In contrast, genetic group II UK viruses clustered in a small branch of 29 viruses out of 1,893 with a 100% bootstrap (highlighted in red). While 15 of these were UK viruses (including 6 from fatal cases) the remaining 14 were from the US (n = 5) and some European countries (France (2), Romania (1), Italy (1), Sweden (1), Denmark (2) and Norway (2)). The prevalence of genetic group II viruses worldwide, based on the total number of HA1 sequences from 2003–2004 available in GenBank, was only 1.5%, compared to a higher prevalence of 22% (n = 15/68) in the UK.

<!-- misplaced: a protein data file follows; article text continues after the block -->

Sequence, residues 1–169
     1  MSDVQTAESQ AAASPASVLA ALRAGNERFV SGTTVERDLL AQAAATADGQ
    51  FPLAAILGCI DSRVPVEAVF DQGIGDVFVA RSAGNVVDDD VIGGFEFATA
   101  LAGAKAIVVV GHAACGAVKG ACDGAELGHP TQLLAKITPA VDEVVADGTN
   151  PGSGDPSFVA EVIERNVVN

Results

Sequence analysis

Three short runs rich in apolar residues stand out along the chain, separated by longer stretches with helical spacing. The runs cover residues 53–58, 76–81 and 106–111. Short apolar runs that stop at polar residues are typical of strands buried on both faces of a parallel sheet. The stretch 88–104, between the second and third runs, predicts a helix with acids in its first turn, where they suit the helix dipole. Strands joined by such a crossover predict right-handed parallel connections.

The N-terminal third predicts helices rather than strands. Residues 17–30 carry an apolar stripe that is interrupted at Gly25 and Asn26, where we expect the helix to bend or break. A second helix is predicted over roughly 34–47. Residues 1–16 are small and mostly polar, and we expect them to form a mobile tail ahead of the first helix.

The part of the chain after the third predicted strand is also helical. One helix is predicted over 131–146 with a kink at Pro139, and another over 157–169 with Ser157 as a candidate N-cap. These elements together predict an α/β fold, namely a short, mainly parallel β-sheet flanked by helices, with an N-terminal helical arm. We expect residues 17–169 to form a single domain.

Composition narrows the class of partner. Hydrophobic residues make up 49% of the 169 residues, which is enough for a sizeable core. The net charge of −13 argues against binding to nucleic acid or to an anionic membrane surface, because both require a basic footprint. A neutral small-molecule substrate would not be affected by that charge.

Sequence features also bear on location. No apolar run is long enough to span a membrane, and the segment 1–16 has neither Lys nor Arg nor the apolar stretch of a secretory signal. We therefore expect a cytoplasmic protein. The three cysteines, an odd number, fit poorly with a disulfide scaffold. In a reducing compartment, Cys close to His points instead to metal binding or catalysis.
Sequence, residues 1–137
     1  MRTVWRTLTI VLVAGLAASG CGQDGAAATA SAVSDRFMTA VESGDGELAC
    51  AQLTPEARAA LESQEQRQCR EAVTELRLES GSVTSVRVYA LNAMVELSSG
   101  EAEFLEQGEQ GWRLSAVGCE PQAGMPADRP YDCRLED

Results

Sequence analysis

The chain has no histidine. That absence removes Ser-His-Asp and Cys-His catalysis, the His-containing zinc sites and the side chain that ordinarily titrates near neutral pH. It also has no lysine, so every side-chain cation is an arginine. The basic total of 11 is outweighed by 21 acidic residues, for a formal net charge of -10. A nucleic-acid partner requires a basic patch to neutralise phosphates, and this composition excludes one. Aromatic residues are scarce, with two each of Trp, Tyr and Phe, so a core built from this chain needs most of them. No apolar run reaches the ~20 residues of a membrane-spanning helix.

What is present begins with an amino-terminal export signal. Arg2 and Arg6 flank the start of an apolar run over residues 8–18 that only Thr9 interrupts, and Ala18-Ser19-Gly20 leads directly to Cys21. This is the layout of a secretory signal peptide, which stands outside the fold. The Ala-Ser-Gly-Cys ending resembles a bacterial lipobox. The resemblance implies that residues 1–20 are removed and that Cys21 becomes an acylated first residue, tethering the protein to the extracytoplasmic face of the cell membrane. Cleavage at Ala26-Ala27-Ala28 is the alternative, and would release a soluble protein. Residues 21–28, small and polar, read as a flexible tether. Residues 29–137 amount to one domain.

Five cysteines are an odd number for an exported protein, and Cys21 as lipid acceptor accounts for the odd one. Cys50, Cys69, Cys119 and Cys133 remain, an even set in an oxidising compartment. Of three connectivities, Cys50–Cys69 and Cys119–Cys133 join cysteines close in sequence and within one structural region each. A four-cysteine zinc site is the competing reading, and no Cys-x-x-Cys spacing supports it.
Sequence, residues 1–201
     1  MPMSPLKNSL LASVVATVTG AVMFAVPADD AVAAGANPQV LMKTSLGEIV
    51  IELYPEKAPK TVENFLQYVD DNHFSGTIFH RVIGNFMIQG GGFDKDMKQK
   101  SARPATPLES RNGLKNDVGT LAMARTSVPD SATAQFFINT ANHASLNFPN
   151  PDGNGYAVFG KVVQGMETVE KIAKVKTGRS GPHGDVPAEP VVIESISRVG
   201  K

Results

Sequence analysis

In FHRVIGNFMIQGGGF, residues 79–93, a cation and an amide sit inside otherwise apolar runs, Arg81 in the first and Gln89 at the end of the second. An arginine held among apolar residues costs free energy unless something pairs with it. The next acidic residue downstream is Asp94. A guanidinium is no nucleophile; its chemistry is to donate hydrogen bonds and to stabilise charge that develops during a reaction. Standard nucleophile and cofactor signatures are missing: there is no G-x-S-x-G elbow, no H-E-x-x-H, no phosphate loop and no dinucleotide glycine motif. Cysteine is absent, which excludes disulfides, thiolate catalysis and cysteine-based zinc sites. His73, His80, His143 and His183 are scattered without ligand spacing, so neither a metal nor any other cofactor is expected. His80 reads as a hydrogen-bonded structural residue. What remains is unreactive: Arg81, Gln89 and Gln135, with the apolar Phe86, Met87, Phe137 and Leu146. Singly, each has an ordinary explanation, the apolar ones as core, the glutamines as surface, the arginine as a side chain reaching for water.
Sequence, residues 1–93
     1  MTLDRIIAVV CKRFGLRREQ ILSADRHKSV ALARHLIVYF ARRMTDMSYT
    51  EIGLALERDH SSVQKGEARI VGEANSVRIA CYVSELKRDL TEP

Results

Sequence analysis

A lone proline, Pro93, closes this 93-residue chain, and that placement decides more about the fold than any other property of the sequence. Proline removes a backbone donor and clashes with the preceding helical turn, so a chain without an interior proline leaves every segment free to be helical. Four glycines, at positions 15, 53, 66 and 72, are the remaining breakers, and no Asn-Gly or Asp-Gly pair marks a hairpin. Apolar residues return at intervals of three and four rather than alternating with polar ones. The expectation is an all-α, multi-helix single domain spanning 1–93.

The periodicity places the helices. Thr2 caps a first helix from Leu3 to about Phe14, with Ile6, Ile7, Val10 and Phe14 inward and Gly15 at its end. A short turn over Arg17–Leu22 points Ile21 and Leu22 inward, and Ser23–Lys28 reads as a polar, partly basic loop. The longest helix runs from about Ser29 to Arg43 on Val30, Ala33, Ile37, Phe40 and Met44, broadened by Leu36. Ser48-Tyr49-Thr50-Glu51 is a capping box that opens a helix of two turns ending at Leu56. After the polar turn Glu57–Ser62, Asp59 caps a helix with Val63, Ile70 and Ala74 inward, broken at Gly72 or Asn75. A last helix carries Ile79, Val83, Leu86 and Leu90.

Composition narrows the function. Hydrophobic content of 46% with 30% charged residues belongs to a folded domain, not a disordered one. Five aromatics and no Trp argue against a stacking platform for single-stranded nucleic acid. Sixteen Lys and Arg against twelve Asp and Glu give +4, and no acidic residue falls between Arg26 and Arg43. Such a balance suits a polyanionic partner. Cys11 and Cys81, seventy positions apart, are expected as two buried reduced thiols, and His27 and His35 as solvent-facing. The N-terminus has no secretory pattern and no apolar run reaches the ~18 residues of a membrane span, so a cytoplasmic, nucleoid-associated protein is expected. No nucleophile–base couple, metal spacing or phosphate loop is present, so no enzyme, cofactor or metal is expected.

Evolution of A(H3N2) influenza viruses after 2003–2004 in the UK

To determine the prevalence and/or survival of genetic groups I and II in subsequent influenza seasons, we analysed our initial set of viruses in a larger dataset of UK sequences encompassing influenza seasons from 2002–2003 to 2007–2008, using the same HA1 fragment selected to construct the phylogeny presented in Figure 4, again including the sequences from the five ‘HA1 only’ fatal cases.